Fall and winter are the worst for exercising the dog. It’s dark in the morning, dark in the late afternoon, and cold and wet in between. There is really nothing good about going outside, and that makes it hard to want to take the dog out for his daily walk(s). The following are 10 ways to burn that energy without having to go out into the weather.
#1 – iFetch
This new product is quite cool. It’s like a doggy version of an automated tennis ball launcher. You can put the ball in the opening after your dog retrievers, or for a fun trick, teach your dog to put the ball in the opening himself (he will most likely figure out on his own anyway.)
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#2 – Indoor agility
You can set up a makeshift agility course in your house with things like chairs and broom poles (jumps), a mat (for a makeshift pause table), cones or boxes (weave poles), and blankets over the space between the couch and the coffee table (tunnel). Or you can buy an indoor agility set like this one. Either way, it’s good exercise for your dog.
#3 – Hide-n-Seek
This came was fun when you were a kid and it can wear your dog out. Put him in a stay while you run and hide, then call him to you. Your dog has to find you! It can also help with recalls! Have several people hiding and take turns calling him! Be sure to have a reward for him when he finds you.
#4 – Stairs
Have stairs? You and your dog can both get a work out running up those stairs. Go slower down the stairs and make sure you talk to your vet about whether your dog is physically capable of doing this type of exercise.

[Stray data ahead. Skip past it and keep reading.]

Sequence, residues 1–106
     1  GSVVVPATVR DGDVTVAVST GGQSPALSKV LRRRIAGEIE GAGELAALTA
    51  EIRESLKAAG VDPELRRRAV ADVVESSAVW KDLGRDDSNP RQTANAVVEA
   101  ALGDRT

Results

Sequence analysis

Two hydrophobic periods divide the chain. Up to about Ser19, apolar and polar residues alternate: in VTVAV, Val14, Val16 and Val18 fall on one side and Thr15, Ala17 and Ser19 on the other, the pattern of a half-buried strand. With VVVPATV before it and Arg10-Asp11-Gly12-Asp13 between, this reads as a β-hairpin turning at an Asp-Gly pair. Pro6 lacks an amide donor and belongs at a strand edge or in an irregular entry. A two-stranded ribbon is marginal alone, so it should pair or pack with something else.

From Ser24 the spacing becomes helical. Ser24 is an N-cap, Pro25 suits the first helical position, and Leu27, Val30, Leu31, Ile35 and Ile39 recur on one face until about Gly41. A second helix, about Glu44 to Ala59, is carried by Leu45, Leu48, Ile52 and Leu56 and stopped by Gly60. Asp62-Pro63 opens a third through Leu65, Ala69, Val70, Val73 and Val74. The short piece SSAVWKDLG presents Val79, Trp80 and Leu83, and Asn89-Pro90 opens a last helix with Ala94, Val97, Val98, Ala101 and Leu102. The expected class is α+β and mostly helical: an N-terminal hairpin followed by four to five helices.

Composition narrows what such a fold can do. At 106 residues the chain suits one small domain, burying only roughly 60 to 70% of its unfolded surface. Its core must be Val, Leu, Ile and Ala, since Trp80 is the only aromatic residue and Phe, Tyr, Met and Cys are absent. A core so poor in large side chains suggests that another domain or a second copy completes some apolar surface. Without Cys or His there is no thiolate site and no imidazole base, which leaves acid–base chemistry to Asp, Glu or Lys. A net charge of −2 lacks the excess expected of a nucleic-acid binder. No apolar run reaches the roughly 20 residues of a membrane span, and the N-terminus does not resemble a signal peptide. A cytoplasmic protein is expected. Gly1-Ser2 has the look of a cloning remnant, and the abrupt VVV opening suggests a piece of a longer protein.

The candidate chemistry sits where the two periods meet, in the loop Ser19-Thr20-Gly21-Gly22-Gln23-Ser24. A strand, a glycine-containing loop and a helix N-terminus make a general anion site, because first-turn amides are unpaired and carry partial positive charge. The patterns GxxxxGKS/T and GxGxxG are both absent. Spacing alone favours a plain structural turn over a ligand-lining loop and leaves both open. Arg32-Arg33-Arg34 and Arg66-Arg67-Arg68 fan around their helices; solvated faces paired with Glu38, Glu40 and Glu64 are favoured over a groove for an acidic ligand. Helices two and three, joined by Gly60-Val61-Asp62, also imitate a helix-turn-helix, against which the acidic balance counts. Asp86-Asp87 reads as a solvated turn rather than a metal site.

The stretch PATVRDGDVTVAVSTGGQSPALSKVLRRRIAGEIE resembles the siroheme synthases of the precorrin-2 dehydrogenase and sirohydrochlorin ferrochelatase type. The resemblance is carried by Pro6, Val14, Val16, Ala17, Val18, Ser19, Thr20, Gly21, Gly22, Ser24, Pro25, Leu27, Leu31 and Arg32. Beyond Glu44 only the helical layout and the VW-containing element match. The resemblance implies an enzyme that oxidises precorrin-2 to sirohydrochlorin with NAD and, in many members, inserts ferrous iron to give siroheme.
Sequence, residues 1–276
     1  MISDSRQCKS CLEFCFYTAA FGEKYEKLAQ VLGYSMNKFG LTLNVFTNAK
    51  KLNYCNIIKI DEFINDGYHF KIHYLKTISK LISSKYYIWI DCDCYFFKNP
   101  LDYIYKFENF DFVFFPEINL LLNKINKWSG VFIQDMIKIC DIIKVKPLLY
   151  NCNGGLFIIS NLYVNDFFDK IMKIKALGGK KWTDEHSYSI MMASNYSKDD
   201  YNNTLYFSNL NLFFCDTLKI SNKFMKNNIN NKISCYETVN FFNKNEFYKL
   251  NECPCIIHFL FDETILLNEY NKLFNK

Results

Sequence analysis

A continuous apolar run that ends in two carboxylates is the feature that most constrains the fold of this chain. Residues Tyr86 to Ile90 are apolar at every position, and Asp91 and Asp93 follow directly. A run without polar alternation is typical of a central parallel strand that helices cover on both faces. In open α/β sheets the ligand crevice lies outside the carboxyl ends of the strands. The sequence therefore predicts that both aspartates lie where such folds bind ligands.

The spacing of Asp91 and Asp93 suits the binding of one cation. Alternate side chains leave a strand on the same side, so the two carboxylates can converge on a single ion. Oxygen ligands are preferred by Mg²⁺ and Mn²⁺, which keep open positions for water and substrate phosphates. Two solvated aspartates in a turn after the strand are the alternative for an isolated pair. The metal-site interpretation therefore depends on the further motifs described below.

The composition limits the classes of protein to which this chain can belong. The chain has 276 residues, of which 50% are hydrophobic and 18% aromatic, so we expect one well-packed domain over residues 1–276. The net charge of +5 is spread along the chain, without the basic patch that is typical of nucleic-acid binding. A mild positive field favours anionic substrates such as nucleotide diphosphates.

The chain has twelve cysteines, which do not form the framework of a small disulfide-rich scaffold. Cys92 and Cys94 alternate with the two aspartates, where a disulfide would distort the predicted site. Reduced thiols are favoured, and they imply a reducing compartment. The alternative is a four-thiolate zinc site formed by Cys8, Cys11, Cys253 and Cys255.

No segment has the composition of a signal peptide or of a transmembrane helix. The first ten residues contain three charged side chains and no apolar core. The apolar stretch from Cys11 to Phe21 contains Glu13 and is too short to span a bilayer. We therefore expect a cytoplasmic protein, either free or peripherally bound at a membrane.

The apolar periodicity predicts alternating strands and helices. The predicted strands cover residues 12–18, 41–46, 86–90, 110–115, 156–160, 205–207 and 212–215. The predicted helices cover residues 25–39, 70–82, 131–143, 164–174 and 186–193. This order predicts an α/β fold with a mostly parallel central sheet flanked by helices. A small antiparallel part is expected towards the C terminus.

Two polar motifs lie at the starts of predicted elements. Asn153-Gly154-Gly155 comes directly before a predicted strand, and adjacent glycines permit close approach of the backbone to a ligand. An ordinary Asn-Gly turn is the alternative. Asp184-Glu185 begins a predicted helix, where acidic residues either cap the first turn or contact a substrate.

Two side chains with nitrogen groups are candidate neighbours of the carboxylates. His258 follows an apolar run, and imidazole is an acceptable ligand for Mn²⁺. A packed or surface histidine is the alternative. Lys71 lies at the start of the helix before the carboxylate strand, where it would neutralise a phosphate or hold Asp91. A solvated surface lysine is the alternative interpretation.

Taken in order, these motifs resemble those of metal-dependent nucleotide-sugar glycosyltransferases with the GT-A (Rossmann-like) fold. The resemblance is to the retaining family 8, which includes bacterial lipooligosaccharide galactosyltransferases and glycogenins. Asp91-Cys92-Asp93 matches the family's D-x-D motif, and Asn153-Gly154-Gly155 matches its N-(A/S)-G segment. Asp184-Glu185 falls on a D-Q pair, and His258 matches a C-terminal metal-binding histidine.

#5 – Canine Conditioning
Doing muscle and balance work can tire a dog out more than a mile run in the cold and wet ever could. You will need to buy some equipment (FitPaws USA makes great stuff) and join a class (Bobby Lyons Cert CF teaches them online), but it’s a great way to get your dog in shape and tire him out at the same time.
#6 – Treadmill
If you own a treadmill, or feel like buying one, they are an easy way for your dog to get exercise when it’s too nasty to go outside. They even make dog-specific treadmills. Again, ask your vet to make sure your dog is capable of running on a treadmill and just like a person, don’t do too much too soon – build up distance and speed slowly.
#7 – Training
Using their brain tires your dog out, so doing some training can help get rid of some energy too. Brush up on obedience, work on a trick, or learn a new skill. If you are feeling uninspired, there are many people who teach online classes where you can learn something in the comfort of your home, or go to a local indoor training facility.
#8 – Scent Work
Another fun game is scent work. Hide your dog’s treats, dinner, or favorite toys and have him sniff them out. You will have to start easy, with them hidden under just some boxes in the plain sight, and gradually build up to harder places, like under the bed or in a drawer.
#9 – Swimming
Have a small dog? Put some water in the bathtub and you have an instant swimming pool! Be sure to watch your dog the entire time he is in the tub, and put something heavy in there that sits on the bottom and is tall enough to allow them to climb out of the water on their own. A large rock or a concrete block works well.
#10 – Give Him a Job
Teach your dog to pick up your clothes and put them in the laundry basket, or teach to put away his own toys. It will make doing household chores fun and keep your dog occupied.